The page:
Then it was off to the races!  I was so excited to be there that lining up for the first heat race, I actually dropped the clutch early and jumped the start! I ended up going from my row two starting spot clear past row one and the starter! That was hard to explain to my sixth grade school teacher Mrs. Jackie Jacobson and a bunch of my class mates from Vista Del Lavalle grade school in Claremont CA. . .

That first race was an eye opener — the other bikes were faster and highly modified, so my dad and I went out and bought Floyd Clymer’s book “How to Tune a Two Stroke Engine”.

I learned early on that researching what others have done is your quickest way to the top.

We went to work on the engine — a rotary valve design that was easy to hop up. We installed a new rotary valve, over-bored cylinder, which we seven ported, installed a single-ring piston with a super short cut-skirt, machined radial high-compression head, and a topped it off with a total loss ignition system.

We finished the engine modifications off with a tuned exhaust made by Dick Haycock from Chino CA. Dick custom fabricated it by beautifully rolling and forming the expansion chamber and artfully oxy acetylene welding it together. He then finished off with a 7” long x 1/2” diameter stinger tip – that thing screamed!

My First Mini Bike

My first motorcycle was a Mini Bike – a Taco 44 kit that my neighbor and his dad decided was too much of a hassle to build. I traded my electric guitar for it.

My dad and I worked together to collect all the parts needed to build it.

Centrifigal chain drive clutches were popular then but a bit unreliable and noisy, so we engineered a belt drive system with a double pulley jackshaft, and chain drive to the rear sproket.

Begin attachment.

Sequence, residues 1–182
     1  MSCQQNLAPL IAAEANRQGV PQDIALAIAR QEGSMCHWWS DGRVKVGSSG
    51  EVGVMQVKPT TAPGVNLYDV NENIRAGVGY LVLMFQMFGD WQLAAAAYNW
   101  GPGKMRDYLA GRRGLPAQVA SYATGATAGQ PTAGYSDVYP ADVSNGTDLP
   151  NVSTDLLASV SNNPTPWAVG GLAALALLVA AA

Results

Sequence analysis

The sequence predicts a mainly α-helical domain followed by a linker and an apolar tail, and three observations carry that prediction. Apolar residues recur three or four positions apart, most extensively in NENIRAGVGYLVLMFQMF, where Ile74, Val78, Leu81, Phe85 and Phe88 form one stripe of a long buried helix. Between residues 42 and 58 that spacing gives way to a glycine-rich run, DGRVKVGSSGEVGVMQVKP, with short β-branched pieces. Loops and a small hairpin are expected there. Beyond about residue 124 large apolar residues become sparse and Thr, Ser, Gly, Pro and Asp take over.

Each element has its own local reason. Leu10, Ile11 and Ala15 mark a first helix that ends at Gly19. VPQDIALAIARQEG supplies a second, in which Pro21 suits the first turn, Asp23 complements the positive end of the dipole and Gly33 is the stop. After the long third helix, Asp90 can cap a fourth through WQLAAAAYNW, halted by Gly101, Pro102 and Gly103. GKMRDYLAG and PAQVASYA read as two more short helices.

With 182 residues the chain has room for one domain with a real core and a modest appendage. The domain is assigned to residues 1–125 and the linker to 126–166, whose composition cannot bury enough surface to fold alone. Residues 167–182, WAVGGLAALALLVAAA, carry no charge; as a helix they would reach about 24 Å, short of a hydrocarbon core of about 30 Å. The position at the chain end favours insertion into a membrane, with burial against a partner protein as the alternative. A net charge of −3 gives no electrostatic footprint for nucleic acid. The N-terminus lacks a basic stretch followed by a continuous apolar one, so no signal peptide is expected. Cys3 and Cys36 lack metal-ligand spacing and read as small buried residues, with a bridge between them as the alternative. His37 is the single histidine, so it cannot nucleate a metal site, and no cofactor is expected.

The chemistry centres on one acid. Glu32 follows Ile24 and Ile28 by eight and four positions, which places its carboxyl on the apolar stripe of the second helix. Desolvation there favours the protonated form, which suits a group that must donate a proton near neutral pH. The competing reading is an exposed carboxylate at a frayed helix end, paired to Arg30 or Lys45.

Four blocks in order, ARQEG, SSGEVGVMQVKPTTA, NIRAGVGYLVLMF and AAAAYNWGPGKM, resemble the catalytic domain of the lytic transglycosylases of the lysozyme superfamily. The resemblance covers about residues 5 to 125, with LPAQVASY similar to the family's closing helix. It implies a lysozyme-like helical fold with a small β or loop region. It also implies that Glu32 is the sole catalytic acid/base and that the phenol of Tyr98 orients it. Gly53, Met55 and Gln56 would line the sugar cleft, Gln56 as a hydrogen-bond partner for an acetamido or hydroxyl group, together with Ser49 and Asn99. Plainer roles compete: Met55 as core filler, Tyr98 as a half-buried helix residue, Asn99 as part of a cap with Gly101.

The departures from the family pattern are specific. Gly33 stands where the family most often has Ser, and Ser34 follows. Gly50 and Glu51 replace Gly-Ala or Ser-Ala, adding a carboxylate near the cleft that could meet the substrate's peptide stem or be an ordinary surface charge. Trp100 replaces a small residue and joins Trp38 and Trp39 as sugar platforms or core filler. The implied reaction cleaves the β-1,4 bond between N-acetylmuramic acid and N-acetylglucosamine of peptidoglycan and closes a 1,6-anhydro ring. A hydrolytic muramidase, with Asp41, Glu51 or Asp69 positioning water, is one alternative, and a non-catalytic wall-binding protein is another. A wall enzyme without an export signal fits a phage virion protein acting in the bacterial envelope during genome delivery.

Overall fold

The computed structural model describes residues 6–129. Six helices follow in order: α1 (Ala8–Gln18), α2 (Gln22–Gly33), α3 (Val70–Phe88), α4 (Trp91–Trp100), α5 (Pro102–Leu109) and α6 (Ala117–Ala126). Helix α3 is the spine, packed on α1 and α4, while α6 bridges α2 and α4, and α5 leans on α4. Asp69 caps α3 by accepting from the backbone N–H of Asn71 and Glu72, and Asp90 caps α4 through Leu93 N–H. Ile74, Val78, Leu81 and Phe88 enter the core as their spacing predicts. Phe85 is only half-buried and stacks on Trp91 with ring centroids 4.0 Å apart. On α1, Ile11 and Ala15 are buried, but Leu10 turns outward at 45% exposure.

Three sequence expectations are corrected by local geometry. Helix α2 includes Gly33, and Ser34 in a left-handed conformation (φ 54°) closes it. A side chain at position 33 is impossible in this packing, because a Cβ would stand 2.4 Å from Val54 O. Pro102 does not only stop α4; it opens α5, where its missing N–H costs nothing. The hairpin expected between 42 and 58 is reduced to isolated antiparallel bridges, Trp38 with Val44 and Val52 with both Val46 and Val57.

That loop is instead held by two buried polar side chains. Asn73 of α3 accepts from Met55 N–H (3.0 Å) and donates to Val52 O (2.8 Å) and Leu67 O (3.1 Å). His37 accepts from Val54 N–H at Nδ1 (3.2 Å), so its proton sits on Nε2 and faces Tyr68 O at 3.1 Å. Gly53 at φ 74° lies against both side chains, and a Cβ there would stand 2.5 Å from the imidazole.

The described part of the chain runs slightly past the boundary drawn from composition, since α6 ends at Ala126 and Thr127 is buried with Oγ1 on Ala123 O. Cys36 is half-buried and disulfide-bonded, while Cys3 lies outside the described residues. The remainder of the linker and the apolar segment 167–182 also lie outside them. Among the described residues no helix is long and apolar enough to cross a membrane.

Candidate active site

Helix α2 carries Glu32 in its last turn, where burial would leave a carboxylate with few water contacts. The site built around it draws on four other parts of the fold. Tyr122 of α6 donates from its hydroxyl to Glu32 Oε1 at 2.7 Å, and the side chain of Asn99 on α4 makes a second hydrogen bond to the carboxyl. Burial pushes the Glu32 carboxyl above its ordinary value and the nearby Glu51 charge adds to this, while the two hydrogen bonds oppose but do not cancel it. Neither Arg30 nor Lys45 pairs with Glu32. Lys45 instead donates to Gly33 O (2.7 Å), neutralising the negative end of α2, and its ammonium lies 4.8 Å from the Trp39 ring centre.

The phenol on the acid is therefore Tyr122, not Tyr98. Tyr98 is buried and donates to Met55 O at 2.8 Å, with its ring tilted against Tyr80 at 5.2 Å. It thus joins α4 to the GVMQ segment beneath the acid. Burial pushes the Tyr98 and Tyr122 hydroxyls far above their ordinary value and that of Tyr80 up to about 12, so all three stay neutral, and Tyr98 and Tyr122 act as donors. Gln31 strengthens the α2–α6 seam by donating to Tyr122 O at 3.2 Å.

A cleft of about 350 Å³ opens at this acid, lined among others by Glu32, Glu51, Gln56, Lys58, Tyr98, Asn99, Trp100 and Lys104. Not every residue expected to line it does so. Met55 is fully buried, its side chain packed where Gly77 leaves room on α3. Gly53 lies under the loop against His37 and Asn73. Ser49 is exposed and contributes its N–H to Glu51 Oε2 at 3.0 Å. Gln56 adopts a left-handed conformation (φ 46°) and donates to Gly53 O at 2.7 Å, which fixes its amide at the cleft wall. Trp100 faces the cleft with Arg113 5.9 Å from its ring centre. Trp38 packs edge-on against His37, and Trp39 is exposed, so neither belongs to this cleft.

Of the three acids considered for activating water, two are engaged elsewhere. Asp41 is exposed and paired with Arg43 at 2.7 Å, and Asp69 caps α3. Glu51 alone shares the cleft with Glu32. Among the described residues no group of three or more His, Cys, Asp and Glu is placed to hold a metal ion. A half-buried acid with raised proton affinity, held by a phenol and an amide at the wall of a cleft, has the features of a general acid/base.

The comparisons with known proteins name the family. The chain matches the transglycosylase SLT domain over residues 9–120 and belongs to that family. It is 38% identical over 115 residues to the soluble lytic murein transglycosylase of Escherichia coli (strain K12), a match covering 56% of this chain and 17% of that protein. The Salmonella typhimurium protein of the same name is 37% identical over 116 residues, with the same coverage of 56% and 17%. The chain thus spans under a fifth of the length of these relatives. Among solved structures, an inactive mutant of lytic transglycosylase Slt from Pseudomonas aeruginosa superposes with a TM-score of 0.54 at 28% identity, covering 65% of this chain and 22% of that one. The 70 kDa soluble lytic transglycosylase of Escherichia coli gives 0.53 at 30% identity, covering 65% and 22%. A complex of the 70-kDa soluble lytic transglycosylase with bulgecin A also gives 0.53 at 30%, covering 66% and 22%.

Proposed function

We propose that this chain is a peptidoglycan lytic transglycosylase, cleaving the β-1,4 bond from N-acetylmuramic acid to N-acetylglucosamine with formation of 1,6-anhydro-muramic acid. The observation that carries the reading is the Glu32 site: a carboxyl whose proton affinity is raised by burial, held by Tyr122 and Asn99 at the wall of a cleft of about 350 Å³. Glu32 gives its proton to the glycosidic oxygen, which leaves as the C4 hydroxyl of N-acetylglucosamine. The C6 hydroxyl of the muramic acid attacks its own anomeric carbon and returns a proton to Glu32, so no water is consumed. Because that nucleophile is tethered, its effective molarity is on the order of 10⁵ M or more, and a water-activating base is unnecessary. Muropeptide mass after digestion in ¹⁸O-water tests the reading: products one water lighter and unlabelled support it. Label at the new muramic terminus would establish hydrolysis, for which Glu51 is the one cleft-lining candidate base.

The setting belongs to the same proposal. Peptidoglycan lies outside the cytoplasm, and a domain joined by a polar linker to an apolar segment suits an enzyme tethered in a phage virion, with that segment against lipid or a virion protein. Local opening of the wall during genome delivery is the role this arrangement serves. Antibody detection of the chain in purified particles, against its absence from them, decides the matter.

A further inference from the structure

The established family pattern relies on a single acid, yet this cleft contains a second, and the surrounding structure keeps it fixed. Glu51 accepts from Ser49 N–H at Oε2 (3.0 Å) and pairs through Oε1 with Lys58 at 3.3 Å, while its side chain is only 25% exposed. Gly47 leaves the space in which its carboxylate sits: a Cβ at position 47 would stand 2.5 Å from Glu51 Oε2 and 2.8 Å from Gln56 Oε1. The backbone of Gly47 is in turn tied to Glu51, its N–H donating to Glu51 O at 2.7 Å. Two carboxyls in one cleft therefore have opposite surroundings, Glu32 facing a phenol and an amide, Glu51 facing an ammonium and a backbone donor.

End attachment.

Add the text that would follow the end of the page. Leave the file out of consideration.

It was connected to a variable speed clutch, which was installed on a polished and chromed out, performance tuned Briggs & Stratton 5HP engine complete with a Tecumseh down draft carburator and straight pipe exhaust!

We turned the flywheel all the way down to the magnets, milled the head and made our own copper head gasket, as the OEM one was a thick layered sandwich design.

My dad organized a trip to Tijuana Mexico to have our 1969 Dodge Dart reupolstered. I invited two of my grade school buddies, Steve Maxwell and Eddie Fagg from Vista de Valle Elementry School in Claremont CA. Each of us brought our mini bike seats to have them reskined with custom material, button-tucked and finished off with some nice edge piping. The last thing we did before painting the frame gloss black was to redesigned the friction rear brake and custom foot pegs, which we had heliarc welded at Foothill Welding in Claremont, California.

When we picked up the parts from the shop, I was intrigued by the heliarc welds the guy had laid down, so I asked him a couple of questions, and he showed me how to make a few myself!

My friends thought it was all so cool – the bike – the welding. Before long, they had started calling me “Joe Welder”, and I guess it stuck !

I had a lot of fun on that old bike – it was the first time I really learned about engine modifications.

One night my Dad came home and saw me doing a trophy run down the alley behind the workshop. He said there was a long white flame streaming from the exhaust and it smelled like it was burning up.

When I explained how I had added some nitro to the high-octane AvGas, he knew I was ready to move up to a real motorcyle.